In 2012 CHEER moved forward in creating healthy, thriving communities in Long Branch and Takoma Park, Maryland, by completing a Community Strategic Plan and advancing community priorities by forming coalitions, circles, and leading major initiatives, such as the creation of a Health Enterprise Zone.
Community Strategic Plan
In a two month long process early in 2012 40 community leaders prioritized 22 goals identified by Long Branch and Takoma Park residents in the areas of housing, health, and the local economy into 5 top priority goals and has prepared a long list of selected actions to help address them. The five priority goals focus on
improving employment opportunity,
reducing health disparities and increasing access to health,
providing for housing that is affordable to people of all income levels,
building social connections so that neighbors know each other and work on common projects, and
creating a safe and comfortable place for people to interact and support local business.
Local Employment and Economic Empowerment
Acting on these priorities, CHEER engaged in three projects related to economic empowerment in the community.
CHEER created a coalition to apply for funding to expand local employment opportunities. The proposal centered on Adventist Community Services’ Job Questprogram that aims at providing local people with training to obtain local jobs. The coalition, which called itself the Takoma Park/Long Branch Economic Empowerment Coalition, also included the Takoma Langley Crossroads Community Development Authority.
CHEER sponsored a public forum conducted by the Democracy Collaborative on community wealth creation which discussed ways to create cooperative businesses tied to anchor institutions that are rooted in the community. This model is exemplified by the Evergreen Cooperatives in Cleveland. The democracy collaborative has since recommended to the Washington Regional Area Grant Makers that they fund the establishment of “Evergreen” style cooperatives in Long Branch and part of DC.
CHEER sponsored a Local Resilience Circle, also known as a Common Security Club, among residents of Essex House and others nearby. 12 participants gathered twice a month to obtain an understanding of the sources of economic insecurity and to provide mutual support. They also learned about balcony gardening and how to make a living without a job.
Health Partnership and the Health Enterprise Zone Coalition
CHEER also acted to address the health goals by forming a partnership with the Primary Care Coalition (PCC). CHEER made joint applications with the PCC for community based participatory research grants from the National Institutes of Health, the Center for Disease Control and the Patient Centered Outcomes Research Institute.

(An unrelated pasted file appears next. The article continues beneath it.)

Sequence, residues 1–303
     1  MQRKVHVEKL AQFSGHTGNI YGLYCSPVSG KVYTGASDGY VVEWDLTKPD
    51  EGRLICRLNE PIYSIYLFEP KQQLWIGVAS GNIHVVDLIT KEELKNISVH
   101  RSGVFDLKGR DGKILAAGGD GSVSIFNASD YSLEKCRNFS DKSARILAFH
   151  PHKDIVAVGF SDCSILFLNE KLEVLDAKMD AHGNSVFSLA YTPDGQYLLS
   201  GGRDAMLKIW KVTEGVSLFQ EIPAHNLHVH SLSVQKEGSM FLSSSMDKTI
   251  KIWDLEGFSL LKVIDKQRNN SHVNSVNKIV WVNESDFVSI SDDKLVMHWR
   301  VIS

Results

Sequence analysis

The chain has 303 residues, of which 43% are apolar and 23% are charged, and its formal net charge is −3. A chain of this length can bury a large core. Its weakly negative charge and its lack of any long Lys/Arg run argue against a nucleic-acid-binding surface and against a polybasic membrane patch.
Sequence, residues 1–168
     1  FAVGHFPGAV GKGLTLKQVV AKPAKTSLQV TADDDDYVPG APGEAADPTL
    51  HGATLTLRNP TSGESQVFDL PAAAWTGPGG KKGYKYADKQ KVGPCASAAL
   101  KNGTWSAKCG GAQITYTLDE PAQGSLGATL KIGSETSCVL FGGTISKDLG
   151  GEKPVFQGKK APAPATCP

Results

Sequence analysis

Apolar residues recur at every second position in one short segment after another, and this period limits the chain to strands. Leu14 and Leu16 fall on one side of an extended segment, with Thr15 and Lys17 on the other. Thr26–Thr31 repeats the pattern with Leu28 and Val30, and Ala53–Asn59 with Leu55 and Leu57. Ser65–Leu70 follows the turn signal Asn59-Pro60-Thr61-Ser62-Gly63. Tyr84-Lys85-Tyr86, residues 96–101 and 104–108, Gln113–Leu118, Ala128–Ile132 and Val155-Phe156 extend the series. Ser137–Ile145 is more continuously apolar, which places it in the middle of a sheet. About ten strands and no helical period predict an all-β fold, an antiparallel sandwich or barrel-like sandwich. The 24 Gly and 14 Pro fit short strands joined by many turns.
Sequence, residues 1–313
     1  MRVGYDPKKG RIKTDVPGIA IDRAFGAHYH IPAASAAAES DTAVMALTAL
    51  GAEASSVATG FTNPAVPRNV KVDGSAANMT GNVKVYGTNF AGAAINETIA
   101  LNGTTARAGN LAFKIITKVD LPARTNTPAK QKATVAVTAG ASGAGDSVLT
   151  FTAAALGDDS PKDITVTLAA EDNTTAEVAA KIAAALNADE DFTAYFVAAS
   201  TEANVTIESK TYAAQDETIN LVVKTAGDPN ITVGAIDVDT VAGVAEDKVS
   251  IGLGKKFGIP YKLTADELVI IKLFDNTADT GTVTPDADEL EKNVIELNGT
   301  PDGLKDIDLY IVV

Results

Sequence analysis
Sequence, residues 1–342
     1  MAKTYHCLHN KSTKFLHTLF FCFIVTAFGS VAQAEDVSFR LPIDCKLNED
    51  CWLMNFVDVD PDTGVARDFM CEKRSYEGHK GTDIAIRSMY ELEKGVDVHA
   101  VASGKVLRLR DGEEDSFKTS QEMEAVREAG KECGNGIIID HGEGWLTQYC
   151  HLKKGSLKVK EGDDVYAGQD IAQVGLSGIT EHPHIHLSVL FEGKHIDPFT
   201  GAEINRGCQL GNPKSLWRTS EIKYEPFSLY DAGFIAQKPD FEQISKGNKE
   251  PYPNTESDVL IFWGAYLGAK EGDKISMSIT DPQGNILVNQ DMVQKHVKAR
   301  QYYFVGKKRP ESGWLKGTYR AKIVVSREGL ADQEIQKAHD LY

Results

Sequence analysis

The largest undertaking of the year was CHEER’s convening of a coalition of local health care providers, service organizations, government, and community groups, to address the social determinants of health, make health care accessible to all community members, and reduce health disparities. This coalition, with the Primary Care Coalition as the lead applicant and fiscal agent, proposed that the State of Maryland designate Long Branch and Takoma Park as a health enterprise zone. The proposal requested more than $5 million in state funds over 4 years. CHEER would manage more than $300,000 each year to address the social determinants of health and improve health care access to Long Branch residents with a focus on diabetes.
Although the Long Branch HEZ proposal received a favorable review, it was not included in the list of newly designated HEZ’s. However, CHEER has received indications that funding may be available from private foundations and other state sources. CHEER and the PCC will continue to exert efforts to establish and implement the Long Branch Health Enterprise Zone.
Throughout the Year CHEER conducted showings and discussions of the PBS documentary “Unnatural Causes: Is Inequality Making us Sick?” These events were made possible with the support of the Consumer Health Foundation. CHEER conducted showings for the staff of Mary’s Center Health Clinic, for residents who are primarily African Immigrants, and in Spanish for a primarily Latino audience. The showings were followed by informative and engaging conversations, which yielded contacts and possibilities for further activities.
Strengthening Community Connections
CHEER also supported multi-cultural interaction by facilitating community events organized by Takoma United for Engaged Community, such as the Martin Luther King day celebration, International Dance Festival, and “Explore Takoma” historic walk in Ward 4.